The original contextual ratings of severity of threat have been used as a basis for taking account of more specific aspects of meaning. Severe events preceding an onset of depression generally involve loss, if this is defined broadly not only in terms of loss of a person but loss of a role or a cherished idea—the latter about oneself or someone close.(37) (In contrast, events preceding the onset of anxiety tend to involve 'danger'—the threat of future loss.) However, although loss is typically present it may not be the factor of central aetiological importance. Tab!e.,2 illustrates this by the development of a more comprehensive rating scheme—again carried out by the investigator. Four overall types of meaning are considered, covering in all nine categories. The ratings are hierarchical. Where more than one rating is possible the highest on the scale is taken. The first three categories concern possible types of humiliation, i.e. the likelihood of the event provoking a sense of being put down or a marked devaluation of self. The first category, for example, covers separating from a partner or a lover where they either took the initiative or the respondent was
'forced' to leave or break off a relationship because of violence or the discovery of infidelity.
Table 2 Onset by type of severe event over 2-year period in the Islington community series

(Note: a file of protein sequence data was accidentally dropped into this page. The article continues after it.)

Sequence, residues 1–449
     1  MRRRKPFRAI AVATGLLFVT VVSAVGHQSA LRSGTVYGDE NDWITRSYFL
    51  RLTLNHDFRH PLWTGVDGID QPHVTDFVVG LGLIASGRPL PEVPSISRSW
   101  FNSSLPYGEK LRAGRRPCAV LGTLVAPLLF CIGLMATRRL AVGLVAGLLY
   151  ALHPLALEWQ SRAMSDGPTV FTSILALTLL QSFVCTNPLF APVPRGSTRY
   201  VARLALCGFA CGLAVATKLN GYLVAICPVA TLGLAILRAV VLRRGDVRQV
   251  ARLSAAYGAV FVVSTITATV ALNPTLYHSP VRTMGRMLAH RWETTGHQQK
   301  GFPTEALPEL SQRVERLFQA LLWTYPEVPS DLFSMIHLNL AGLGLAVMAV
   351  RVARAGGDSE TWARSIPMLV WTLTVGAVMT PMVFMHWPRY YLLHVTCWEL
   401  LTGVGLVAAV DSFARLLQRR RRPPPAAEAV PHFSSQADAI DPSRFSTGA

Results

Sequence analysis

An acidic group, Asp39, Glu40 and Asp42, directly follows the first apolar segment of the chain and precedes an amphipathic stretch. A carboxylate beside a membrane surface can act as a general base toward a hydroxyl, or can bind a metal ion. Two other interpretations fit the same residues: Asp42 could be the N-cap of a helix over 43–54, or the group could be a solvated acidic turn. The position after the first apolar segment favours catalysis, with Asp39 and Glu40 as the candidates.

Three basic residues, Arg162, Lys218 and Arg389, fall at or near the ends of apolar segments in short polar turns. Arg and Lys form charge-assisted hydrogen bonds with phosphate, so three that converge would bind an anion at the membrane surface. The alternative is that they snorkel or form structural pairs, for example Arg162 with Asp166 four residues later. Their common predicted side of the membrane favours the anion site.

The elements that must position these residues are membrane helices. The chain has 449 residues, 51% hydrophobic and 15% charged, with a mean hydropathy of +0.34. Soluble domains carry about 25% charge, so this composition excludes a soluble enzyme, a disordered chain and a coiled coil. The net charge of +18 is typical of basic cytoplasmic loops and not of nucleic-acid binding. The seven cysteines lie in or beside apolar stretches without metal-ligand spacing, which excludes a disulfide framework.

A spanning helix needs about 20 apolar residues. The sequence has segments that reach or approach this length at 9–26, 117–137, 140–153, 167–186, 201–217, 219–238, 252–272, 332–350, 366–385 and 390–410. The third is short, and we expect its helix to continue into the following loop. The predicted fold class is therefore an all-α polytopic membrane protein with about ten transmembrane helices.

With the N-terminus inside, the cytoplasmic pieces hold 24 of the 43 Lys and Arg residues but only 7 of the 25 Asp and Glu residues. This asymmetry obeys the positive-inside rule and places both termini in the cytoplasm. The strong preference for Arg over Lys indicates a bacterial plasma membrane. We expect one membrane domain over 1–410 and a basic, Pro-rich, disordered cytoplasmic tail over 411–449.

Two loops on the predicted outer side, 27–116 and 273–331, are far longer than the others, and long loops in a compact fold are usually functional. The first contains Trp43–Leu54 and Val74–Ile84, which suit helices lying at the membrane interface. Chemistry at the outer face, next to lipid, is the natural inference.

Events associated with entrapment, the second main type, had to have failed to meet criteria for one of the three humiliation categories. Such events emphasized the fact of being imprisoned in a punishing situation that had gone on for some time. The third type deals with four kinds of loss (in the absence of humiliation or entrapment) with the final type, danger, involving threat of a future loss. (3Z>
The table shows whether a particular severe event (or sequence of closely related events) was followed by an onset, taking the event (or sequence) nearest the onset when there was more than one event within 6 months of onset. Using a 2-year period for the Islington women, it shows that there were large differences in risk by event type. If events involving humiliation are combined with those of entrapment, risk was increased threefold. (38> The relatively low risk associated with loss alone, except following a severe event involving a death, suggests that while the majority of depressogenic events involve loss, something more than this is usually involved and that the experience of humiliation or entrapment associated with the loss is often critical.
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